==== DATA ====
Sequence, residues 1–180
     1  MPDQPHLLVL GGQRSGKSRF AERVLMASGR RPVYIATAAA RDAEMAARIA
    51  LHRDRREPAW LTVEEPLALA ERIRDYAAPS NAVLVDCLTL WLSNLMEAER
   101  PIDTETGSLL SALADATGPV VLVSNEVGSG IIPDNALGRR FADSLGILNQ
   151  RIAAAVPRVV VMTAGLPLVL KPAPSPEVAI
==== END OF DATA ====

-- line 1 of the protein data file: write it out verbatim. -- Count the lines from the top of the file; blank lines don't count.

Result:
Sequence, residues 1–180